What legs! Tanned, sculpted, smooth-shaven. (The leg shaving, by the way, is not for aerodynamics. It is a small effort at pain reduction. Better to dress and heal abraded flesh, known as "road rash," without leg hair getting in the way.) These are legs to stop traffic. Legs, for the most part, that are also scabby, scraped pink, dotted with bandages. You see more skinned knees than on a playground, and there's one guy with an impressive case of road-scraped skin stretching from mid-thigh to shin.
Two of the longest, slimmest legs in the bunch belong to American cyclist Bobby Julich. Any Rockette would kill for his gams, though their tapered form has been gained by way of unenviable physical stress. Julich is an underappreciated star of American cycling. In 1998, the year before Armstrong began his domination, Julich finished third in the Tour, the highest-ranking American since Greg LeMond in the '80s.
Since then, Julich has struggled. He crashed out of the 1999 Tour, breaking his elbow and four ribs. In the yearly races of the European circuit, he has toiled for one team after another. Now a member of Denmark's Team CSC, he is in 18th place after Wednesday's 10th stage, pulling just ahead of his team leader.
Ask Julich about pain, and he speaks about heartache. "I think the worst pain that you suffer isn't so much the physical pain, it's the mental pain, the mental disappointment," he says. "I don't know if you can correlate disappointment with pain, but at least I do. The physical pain, you know why it's there. But the mental pain that you go through, the frustration, that's sometimes the most difficult. Just not finishing as well as I would like. For me, it's just the suffering of your body not following what your mind wants it to do."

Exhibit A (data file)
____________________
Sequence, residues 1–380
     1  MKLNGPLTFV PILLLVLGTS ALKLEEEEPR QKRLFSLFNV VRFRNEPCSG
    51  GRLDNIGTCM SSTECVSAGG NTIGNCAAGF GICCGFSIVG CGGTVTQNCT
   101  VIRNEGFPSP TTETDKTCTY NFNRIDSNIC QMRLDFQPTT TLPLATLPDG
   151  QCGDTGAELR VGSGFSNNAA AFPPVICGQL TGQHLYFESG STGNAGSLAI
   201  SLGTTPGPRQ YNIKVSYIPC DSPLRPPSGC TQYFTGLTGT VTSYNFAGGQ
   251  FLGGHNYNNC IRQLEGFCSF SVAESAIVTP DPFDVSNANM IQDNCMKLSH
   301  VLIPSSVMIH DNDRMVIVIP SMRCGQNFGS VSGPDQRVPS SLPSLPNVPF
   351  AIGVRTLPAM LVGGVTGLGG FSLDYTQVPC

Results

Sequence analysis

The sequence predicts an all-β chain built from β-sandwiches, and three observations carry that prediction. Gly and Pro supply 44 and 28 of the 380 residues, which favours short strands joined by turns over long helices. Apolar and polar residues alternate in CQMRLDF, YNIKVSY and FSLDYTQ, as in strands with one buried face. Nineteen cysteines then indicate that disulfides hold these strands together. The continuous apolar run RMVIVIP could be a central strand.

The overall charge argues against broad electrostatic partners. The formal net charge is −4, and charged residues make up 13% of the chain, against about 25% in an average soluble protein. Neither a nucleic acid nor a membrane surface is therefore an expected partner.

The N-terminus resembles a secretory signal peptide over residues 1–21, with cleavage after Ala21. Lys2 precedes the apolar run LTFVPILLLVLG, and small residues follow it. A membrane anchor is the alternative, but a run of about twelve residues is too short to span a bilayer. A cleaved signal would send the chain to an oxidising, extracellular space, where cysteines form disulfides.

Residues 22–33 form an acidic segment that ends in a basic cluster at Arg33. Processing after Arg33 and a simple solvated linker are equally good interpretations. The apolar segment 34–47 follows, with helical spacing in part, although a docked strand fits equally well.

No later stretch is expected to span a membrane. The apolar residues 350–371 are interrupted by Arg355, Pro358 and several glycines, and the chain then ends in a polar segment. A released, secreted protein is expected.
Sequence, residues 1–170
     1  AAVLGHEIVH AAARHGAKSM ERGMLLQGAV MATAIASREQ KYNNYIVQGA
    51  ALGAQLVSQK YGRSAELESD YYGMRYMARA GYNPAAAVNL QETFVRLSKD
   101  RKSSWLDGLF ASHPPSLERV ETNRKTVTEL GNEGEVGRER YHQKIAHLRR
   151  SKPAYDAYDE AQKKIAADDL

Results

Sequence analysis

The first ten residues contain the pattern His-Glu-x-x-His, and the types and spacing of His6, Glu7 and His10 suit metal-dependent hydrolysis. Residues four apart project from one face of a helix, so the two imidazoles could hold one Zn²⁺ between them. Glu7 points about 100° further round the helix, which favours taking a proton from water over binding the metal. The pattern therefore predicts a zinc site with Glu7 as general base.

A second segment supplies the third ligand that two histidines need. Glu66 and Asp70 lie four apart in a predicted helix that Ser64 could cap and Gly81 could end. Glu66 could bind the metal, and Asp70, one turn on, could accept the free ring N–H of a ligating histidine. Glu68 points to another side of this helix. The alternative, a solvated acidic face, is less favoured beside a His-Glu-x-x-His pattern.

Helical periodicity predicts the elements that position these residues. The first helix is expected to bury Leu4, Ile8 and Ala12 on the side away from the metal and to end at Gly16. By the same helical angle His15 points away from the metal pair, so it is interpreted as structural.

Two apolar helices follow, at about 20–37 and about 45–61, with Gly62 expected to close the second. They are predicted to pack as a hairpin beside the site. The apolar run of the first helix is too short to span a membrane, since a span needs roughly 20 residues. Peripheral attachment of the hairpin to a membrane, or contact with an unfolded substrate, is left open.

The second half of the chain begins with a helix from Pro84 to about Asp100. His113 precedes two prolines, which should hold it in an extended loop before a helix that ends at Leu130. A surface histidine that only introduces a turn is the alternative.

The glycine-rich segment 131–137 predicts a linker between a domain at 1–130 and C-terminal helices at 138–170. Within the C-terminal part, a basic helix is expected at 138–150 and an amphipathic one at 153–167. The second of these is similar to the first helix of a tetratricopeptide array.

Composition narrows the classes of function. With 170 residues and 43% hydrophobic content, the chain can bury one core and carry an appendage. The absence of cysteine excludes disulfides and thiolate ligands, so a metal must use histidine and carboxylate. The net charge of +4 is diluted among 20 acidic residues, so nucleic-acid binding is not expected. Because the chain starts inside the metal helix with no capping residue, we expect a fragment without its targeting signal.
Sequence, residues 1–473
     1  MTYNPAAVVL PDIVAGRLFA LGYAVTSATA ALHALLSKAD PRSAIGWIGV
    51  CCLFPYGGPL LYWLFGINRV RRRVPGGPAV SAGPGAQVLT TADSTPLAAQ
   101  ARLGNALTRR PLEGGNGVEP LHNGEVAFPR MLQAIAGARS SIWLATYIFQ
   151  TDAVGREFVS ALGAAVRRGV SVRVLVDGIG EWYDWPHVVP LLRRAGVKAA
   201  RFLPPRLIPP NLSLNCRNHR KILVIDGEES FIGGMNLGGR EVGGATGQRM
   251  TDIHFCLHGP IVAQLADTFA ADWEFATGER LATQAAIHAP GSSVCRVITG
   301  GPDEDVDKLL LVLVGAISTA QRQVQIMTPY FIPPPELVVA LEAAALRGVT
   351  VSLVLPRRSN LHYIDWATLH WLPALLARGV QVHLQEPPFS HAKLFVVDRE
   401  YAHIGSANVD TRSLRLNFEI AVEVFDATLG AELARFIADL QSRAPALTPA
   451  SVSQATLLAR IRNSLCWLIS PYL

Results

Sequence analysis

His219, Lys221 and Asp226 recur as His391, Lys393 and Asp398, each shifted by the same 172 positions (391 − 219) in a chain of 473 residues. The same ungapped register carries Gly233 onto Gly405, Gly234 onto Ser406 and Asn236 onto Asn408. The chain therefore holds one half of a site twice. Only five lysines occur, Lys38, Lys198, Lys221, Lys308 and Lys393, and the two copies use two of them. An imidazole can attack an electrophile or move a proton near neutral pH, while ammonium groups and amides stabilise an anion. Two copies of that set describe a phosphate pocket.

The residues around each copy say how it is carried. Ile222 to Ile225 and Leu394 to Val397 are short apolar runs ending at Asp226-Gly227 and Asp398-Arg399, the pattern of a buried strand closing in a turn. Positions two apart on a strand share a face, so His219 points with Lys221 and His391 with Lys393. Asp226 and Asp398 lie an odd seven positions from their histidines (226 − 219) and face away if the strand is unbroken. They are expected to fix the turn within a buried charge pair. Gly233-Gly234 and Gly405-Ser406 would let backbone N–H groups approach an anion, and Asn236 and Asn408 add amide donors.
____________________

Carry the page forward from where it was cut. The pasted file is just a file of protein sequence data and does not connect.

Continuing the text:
When he crashed during the '99 time trial, Julich says his first impulse was to get back on his bike. He didn't feel any pain -- until he tried to get up, "and it felt like somebody was holding me down with a spear in my chest."
"You don't think, 'Oh my God, my elbow's broken.' You think more about the bike race," Julich said. "To a certain degree, that's kind of sick. But it's just who we are. We're warriors. You just pick yourself up and get going again and sort it out later."
Julich says that as far as pure pain threshold is concerned, losing skin and sticking to the sheets at night is worse than a broken bone. But any injury or muscle burn hurts worse at the back of the peloton, as the main herd of riders is called, than at the front.
"I've always said that you suffer just as much in the front as in the back, but in the back is when you feel it," Julich said. "In the front you're probably suffering more, but you have so much more adrenaline going through your body that you don't feel it as much. It's almost a good pain, compared to a miserable pain when you're in the 'grupetto' " -- the group sliding off the back of the pack as the peloton races ahead.